Wildfires Aren’t Just a Threat to People—They’re Killing Off Earth’s Biodiversity
Cataclysmic wildfires have been increasing in intensity and frequency due to human-caused climate change.
The catastrophic wildfires that raged across California, Oregon, and Washington state in 2020 consumed around 5 million acres of dry forest. And in one week alone, they caused at least 24 fatalities. “I drove 600 miles up and down the state, and I never escaped the smoke,” Senator Jeff Merkley (D-Ore.) said on the ABC News television show “This Week With George Stephanopoulos. “We have thousands of people who have lost their homes. I could have never envisioned this.”
The firefighters were battling the deadly blazes as the 75th session of the United Nations General Assembly convened in September 2020 at the UN headquarters in New York. One of the high-level meetings was the Summit on Biodiversity. Strikingly, the hot-button issue of wildfires was not mentioned in the event program, even though wildfires continue to pose a direct threat to biodiversity across the planet. A 2020 report by WWF found that there has been a 68 percent average decline in species population sizes since 1970. The underlying cause: humanity.
Wildfires Threaten Wildlife
Cataclysmic wildfires—the intensity and frequency of which have been increased by human-caused climate change—are not just an American phenomenon and impact far more than human life, trees, and the built environment. “[A]s many as 1.25 billion animals—including iconic Australian species such as koalas, kangaroos, wallabies, and gliders—have been killed or displaced by the fires,” Earth | Food | Life (EFL) reporter Robin Scher wrote on Truthout about Australia’s “Black Summer,” the colloquial name of the 2019-20 Australian bushfire season, which was unusually intense. “In some instances, certain species may have even gone extinct,” Scher reported.
Writing about the Amazon wildfires for Truthout, EFL reporter Daniel Ross noted the “illegal logging, encroachment from agribusinesses and profit-driven government policies” that underpin Brazil’s wildfires, which have impacted wildlife, threatened Indigenous communities, and created an air pollution-related health crisis in the nation’s urban areas. Fires that raged in Brazil’s Amazon in 2020 even spread into virgin forests.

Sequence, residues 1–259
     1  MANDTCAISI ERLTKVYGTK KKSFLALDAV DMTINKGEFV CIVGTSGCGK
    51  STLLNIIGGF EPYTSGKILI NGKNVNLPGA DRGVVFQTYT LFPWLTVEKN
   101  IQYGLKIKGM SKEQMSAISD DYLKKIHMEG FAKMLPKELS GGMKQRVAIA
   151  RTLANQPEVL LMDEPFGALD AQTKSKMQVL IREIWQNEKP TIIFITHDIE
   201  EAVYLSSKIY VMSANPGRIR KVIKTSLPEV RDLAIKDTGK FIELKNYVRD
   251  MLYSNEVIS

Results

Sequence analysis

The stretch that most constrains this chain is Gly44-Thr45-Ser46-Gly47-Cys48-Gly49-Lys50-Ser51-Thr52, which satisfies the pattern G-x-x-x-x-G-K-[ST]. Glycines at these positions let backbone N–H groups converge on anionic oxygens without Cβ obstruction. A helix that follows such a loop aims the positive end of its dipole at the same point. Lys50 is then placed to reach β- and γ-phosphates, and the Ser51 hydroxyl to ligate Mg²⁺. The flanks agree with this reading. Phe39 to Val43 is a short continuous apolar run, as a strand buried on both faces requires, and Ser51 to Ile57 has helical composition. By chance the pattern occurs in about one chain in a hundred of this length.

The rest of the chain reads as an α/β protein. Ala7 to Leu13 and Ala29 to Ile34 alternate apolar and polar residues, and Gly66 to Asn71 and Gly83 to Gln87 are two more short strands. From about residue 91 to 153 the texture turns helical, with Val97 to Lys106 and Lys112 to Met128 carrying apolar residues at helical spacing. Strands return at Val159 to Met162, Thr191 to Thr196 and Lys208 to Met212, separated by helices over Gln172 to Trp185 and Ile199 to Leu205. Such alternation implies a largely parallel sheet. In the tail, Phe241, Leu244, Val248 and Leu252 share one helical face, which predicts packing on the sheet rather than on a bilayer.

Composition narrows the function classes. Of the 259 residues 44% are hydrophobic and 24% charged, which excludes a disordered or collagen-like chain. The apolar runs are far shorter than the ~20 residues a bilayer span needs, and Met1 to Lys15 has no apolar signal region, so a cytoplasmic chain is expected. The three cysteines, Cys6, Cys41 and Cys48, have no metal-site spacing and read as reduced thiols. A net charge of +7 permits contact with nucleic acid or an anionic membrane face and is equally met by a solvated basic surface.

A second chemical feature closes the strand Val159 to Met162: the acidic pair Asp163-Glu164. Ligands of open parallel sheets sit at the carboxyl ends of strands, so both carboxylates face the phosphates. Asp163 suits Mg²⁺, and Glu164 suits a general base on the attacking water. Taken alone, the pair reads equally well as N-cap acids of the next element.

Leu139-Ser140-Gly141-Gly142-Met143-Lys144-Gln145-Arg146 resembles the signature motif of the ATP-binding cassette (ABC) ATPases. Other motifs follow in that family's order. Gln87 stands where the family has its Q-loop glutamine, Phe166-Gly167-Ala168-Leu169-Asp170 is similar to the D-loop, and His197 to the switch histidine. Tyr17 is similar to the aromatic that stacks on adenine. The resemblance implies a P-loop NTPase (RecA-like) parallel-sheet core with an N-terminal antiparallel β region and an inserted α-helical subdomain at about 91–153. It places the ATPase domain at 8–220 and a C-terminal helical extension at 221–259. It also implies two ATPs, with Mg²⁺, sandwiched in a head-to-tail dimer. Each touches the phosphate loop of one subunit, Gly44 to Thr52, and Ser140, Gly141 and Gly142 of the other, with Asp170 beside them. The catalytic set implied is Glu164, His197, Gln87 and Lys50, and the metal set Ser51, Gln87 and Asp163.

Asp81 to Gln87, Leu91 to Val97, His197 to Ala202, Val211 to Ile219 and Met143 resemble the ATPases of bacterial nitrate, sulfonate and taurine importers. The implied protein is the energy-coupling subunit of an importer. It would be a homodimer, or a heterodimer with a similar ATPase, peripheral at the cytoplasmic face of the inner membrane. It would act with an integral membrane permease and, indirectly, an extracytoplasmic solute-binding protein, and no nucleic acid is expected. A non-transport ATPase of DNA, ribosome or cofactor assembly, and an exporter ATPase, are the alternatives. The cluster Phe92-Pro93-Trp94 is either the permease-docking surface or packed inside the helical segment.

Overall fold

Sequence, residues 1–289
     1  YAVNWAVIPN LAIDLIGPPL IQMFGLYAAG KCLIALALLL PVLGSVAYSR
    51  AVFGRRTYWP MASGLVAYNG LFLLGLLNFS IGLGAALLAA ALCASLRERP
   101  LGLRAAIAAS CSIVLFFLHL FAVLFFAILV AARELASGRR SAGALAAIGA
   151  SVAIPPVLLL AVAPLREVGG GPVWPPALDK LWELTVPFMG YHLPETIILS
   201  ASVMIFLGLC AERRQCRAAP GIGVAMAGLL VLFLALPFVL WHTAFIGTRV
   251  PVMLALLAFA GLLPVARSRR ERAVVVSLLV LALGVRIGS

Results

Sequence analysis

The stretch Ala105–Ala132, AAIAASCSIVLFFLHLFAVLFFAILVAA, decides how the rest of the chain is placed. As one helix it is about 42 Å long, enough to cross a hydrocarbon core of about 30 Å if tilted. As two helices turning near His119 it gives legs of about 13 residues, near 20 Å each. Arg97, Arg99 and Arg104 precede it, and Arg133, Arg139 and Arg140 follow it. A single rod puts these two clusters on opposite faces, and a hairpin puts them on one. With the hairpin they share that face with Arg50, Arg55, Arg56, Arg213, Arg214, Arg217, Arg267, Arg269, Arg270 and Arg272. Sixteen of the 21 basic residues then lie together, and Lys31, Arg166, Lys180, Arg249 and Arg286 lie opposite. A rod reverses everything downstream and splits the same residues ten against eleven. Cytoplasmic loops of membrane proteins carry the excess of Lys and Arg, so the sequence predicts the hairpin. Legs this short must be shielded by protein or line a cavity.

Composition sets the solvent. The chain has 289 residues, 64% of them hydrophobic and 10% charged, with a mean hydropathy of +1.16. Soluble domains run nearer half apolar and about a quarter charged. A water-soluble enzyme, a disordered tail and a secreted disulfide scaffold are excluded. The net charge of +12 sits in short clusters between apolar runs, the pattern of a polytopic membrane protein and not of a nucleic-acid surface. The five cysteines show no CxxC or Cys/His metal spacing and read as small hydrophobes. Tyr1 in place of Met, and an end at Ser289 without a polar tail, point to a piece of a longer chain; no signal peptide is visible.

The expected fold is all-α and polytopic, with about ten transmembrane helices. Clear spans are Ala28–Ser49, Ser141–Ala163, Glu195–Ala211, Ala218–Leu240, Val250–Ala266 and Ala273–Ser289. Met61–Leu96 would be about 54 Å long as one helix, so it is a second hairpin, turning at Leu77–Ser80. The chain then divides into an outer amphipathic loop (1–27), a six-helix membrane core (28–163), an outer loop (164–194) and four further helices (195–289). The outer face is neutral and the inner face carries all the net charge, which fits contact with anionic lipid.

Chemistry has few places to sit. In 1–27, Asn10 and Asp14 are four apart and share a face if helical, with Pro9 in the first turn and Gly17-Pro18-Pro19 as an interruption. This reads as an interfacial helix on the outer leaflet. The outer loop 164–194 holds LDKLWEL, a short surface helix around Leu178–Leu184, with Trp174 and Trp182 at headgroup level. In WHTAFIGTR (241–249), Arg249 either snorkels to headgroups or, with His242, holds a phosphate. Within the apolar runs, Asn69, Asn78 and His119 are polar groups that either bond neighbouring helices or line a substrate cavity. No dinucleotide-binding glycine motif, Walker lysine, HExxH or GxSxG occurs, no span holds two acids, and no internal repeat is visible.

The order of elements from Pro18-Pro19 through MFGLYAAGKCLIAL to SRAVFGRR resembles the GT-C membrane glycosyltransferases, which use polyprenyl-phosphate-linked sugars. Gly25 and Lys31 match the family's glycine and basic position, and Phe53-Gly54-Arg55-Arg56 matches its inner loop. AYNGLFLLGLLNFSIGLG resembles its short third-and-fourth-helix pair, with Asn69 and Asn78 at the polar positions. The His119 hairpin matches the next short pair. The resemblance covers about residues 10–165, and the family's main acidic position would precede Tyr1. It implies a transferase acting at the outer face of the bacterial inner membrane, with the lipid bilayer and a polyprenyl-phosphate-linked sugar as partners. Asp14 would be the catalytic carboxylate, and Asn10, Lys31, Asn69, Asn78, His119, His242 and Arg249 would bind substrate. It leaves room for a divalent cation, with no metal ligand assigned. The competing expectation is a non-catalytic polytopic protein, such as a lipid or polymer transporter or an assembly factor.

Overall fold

In addition, the fires—many of which are illegally started to create pasture for cows that supply the nation’s multibillion-dollar beef industry—have created a dangerous situation for the global climate. “New research suggests that some deforested regions of the rainforest are exhaling more carbon dioxide than they’re taking in,” Ross reported. And make no mistake: a rapidly and unnaturally changing climate is a direct threat to the planet’s biodiversity, the variety of life on Earth that provides the foundation for a host of life-supporting ecological services such as clean air, clean water, healthy soil, and crops, plant pollination, pest control, wastewater treatment, and outdoor recreation.
Calls for Action
Some organizations are fighting back. Amnesty International reported that “63 percent of the [Brazilian Amazon] deforested from 1988 to 2014 has become pasture for cattle—a land area five times the size of Portugal.” In August 2020, the group launched a public petition urging the Brazilian company JBS, the world’s largest meat supplier, to take cows that have been illegally grazed on protected lands out of their supply chain. In the same month, Care2 also launched a public petition—signed by more than 120,000 people—urging the Brazilian government to ban the human-created fires that are destroying the Amazon rainforest.
In September 2020, JBS pledged it would introduce, by 2025, a new system to monitor both its direct and indirect cattle suppliers. However, Amnesty criticized the announcement, saying that the “timeline too far removed.” The group pointed out that “JBS has been aware of the risks that cattle illegally grazed in protected areas may enter its supply chain since at least 2009, and previously pledged to monitor its indirect suppliers by 2011.”
In July 2020, BirdLife International, a global partnership of non-governmental organizations working to conserve birds and their habitats, launched a public petition—already signed by more than 120,000 people—urging the United Nations to recognize the right to a healthy natural environment at the UN Human Rights Council, in the UN General Assembly, and ultimately in the Universal Declaration of Human Rights.
Worst-Case Scenarios Becoming a Reality
“We must completely change the way we treat our home,” the group writes. “Human rights movements have a long and successful track record at transforming society and, with governments meeting in September  to discuss the fate of our planet at key UN meetings, there has never been a greater need for action.”
“The choking smoke cast a dark pall over the skies and created a vision of climate-change disaster that made worst-case scenarios for the future a terrifying reality for the present,” reported the New York Times about the wildfires that blazed across the western United States in 2020. That terrifying reality could go on for generations to come if we don’t get a handle on the climate crisis.
In September 2022, climate journalist and native Oregonian Emma Pattee wrote in the New York Times that “[c]limate scientists estimate that the frequency of large wildfires could increase by over 30 percent in the next 30 years and over 50 percent in the next 80 years, thanks in large part to drought and extreme heat caused by climate change.” That is a frightening prospect not just for humans, but for the countless nonhuman animals with whom we share this planet.